What credit score do you need to get 0 financing
What Credit Score Do I Need To Get Zero Percent Financing?
September 14th, 2012 | Author: Stephanie
[G]enerally, you can only get “zero percent” financing on new vehicles. However, since the economic downturn of 2008 auto dealers have been much stricter about offering true interest-free loans. After all, even people who were once making a high six-figure income have become suddenly unemployed. Interest rates are a way for a lender to mitigate its financial losses if the customer defaults on a loan. While an auto lender of course can repossess a vehicle and resell it, often the company is still out of a significant amount of money.
Your credit score should be between 700 and 850 to qualify for a zero percent financing deal. However, watch out for hidden expenses! Some auto manufacturers will demand a hefty down payment or that you cover the cost of tax, title, and tags upfront. Also, remember that many zero percent financing deals are good only for three year loan terms. If you cannot afford to pay in excess of $600 a month for just the car payment, skip the zero financing and go for a five year or longer loan. Yes, you will pay more money over the life of the loan. But your financial hardships and risk of defaulting on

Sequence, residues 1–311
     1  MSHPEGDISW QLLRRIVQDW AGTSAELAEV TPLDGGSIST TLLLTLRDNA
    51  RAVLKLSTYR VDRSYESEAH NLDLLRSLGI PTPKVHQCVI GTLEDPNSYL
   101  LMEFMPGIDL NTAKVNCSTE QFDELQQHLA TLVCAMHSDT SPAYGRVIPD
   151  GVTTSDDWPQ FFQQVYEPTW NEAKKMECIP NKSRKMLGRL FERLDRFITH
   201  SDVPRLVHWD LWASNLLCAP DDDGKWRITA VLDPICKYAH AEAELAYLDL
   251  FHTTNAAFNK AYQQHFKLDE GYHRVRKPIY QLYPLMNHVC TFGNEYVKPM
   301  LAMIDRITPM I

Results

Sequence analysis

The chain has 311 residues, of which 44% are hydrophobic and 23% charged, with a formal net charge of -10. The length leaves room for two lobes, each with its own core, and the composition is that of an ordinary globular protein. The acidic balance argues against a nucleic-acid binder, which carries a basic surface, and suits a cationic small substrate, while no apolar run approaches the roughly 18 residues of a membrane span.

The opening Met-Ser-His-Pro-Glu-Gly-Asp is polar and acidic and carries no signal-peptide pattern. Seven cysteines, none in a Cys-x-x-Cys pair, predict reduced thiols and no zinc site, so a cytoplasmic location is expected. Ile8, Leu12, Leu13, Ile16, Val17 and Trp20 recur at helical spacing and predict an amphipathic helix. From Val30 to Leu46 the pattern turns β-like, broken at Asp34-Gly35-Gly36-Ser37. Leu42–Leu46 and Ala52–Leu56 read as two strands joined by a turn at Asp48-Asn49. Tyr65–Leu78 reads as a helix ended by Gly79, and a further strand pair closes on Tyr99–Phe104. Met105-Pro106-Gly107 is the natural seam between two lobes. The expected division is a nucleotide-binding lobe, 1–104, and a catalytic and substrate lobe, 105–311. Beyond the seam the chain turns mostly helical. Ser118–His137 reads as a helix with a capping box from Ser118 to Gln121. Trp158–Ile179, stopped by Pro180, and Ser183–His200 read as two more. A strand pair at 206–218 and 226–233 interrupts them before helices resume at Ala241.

the loan will be dramatically reduced.
If you do not have a high credit score, you can take a few steps to improve your credit rating and qualify for better auto financing deals. First, are all of your credit card balances lower than about 40 percent of your available credit limit? Basically, if you have $10,000 of available credit and owe more than $4,000 on the cards then your credit score suffers. The less debt you have, the better. Also, are some of your accounts pretty new? This could be dragging down your credit score; you should wait at least another year for your credit score to increase as your accounts age.
Sometimes, credit card companies send potential customers “zero percent” card offers. This does not mean you will always pay zero percent interest. Read the fine print and realize that if your credit score is under 650, you probably will not qualify for the deal. Generally, a zero percent credit card applies only to purchases or balance transfers for a finite period of time after opening the new account. The general time frame is 90 days to six months, though people with the very best credit might get a 12 month zero percent deal. However, such cards are getting close to non-existent especially in this economic era.Source: www.creditscoreresource.com